The capture of Mogadishu by the Islamic Courts Union (now known as the Supreme Islamic Courts Council) has reportedly led to Ethiopian involvement. The real question is whether Ethiopia has the combat power to really affect the situation effectively. The problem Ethiopia faces is not so much a problem of troops (the Ethiopian National Defense Force is has 100,000 personnel), but one of being able to project power. Ethiopia only has ten AN-12 "Cub" transports (the Russian answer to the C-130), and few roads or railroads leading to the Somali border.
Still, it sounds like a simple task for Ethiopia, right? Wrong. First, one has to keep in mind that Ethiopia would not just be fighting the ICU. Eritrea is likely to jump into any conflict - simply because any enemy of Ethiopia's is worth supporting for Eritrea, which is still holding grudges over not just the lengthy struggle for independence, but also over the 1998-2000 war with Ethiopia. At one point during that war, Ethiopia occupied as much as 25 percent of Eritrean territory. Eritrea is already actively supportive of the ICU.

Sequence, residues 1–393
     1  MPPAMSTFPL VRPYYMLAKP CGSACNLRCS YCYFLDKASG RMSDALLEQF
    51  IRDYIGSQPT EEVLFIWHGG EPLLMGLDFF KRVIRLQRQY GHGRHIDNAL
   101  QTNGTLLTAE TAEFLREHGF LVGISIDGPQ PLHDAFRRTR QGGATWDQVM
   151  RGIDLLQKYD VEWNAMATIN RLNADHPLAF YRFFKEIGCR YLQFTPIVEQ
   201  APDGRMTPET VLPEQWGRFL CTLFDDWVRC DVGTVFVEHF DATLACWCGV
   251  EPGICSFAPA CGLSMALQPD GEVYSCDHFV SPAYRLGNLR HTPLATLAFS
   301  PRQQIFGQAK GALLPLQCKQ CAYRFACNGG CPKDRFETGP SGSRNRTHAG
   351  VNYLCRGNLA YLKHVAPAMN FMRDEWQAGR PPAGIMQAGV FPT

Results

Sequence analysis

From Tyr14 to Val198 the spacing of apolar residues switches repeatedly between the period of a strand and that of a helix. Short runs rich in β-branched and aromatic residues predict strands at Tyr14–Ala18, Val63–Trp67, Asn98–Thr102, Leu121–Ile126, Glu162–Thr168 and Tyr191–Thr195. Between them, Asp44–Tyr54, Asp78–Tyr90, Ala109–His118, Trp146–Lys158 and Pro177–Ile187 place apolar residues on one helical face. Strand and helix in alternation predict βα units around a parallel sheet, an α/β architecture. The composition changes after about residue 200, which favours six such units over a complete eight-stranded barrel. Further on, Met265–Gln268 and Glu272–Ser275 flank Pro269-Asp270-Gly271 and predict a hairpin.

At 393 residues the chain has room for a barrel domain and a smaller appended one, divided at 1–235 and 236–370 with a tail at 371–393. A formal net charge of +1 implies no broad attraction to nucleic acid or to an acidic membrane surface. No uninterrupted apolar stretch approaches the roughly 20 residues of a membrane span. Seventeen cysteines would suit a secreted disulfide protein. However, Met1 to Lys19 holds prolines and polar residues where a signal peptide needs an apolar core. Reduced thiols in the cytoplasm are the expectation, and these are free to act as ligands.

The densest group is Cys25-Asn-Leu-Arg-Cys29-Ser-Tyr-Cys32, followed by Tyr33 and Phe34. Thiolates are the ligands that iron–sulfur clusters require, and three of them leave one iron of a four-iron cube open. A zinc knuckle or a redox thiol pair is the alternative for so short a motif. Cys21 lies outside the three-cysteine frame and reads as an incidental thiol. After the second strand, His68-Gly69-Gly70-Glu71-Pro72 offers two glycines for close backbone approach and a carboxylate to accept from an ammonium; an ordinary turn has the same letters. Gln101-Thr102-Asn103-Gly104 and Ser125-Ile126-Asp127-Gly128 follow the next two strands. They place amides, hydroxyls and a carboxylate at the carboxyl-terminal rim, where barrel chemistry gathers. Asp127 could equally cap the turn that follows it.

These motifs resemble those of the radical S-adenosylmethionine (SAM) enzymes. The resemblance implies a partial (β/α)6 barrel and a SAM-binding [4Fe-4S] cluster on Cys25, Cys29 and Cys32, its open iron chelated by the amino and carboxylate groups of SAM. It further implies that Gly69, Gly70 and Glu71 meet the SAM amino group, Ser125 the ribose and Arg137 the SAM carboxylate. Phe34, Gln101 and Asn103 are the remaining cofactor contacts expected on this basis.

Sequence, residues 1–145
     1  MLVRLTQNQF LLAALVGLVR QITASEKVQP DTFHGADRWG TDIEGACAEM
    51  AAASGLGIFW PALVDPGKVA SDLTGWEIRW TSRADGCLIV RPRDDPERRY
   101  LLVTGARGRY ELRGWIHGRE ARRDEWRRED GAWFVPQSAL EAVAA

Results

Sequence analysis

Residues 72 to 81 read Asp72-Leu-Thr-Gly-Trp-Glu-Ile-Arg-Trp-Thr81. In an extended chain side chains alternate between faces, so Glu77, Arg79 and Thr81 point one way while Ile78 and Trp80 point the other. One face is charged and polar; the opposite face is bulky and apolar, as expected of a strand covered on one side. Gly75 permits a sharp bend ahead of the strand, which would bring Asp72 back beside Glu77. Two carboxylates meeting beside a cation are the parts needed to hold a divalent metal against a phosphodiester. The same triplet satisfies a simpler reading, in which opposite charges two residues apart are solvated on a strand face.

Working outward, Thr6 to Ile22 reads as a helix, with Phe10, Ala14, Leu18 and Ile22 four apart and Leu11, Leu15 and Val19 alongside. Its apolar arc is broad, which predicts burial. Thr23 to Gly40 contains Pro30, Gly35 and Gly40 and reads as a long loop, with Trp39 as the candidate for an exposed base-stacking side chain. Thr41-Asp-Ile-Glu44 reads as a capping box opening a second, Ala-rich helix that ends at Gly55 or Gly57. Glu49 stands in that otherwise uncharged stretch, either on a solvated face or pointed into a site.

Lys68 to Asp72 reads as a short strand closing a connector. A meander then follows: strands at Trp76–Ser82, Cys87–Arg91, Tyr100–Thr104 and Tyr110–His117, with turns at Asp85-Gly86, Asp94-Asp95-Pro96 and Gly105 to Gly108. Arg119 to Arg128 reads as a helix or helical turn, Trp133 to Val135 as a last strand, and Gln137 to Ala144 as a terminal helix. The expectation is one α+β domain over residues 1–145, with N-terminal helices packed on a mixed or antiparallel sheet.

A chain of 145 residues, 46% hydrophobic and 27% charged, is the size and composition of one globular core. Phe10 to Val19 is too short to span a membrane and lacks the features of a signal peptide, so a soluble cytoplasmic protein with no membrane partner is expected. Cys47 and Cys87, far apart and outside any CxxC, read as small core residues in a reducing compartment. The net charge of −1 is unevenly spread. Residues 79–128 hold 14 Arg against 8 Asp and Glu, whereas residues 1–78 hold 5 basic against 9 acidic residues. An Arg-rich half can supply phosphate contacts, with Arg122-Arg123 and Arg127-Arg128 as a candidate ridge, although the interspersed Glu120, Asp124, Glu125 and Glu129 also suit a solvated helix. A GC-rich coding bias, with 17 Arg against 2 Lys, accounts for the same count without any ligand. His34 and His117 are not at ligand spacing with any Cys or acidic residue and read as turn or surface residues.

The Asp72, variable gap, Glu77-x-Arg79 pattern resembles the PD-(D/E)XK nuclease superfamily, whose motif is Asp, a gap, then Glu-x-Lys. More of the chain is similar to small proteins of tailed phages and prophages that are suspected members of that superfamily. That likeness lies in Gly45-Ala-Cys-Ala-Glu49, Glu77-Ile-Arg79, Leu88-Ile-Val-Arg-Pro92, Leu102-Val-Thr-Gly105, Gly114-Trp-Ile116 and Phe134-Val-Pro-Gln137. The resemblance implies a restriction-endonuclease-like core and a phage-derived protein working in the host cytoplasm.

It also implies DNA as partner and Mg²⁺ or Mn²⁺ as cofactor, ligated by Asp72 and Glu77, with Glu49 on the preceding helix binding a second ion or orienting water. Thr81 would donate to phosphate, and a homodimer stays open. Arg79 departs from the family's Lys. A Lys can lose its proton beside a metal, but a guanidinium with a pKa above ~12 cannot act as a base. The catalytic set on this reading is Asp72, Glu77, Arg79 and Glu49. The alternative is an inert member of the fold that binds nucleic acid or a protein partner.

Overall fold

Ethiopia has to keep its northern neighbor in mind. This cuts down on what can be sent to the south. Also, keep in mind that the ICU forces will be fighting on what is now their home turf. Even if assistance from Kenya were to come, the issue of power projection does not go away, since Kenya only adds two infantry brigades and one armored brigade, and had a grand total of six De Havilland Canada DHC-5 and three DHC Dash-8-100 transports.
Herein lies the real issue for Kenya and Ethiopia: Logistics. Mogadishu is 750 kilometers from the Kenya-Somalia border, and 1021 kilometers from the Kenyan capital Nairobi. It is even further from the Ethiopian capital Addis Ababa (1062 kilometers). Supporting forces on such a drive will be expensive, and will require a lot of supplies. In other words, it will take a lot more than 19 cargo aircraft and the supply trains of the Ethiopian and Kenyan armed forces to have a significant chance of successfully forcing the ICU out of Mogadishu.
Successfully ejecting the ICU will require the type of combat power that only three countries could bring to bear in this region: France (with bases in Djibouti), the United Kingdom (with a long-standing relationship with Kenya and a presence in that country), or the United States (which has the capability through Marine Expeditionary Units and the 82nd Airborne Division, not to mention massive airlift and sealift capability). - Harold C. Hutchison (firstname.lastname@example.org)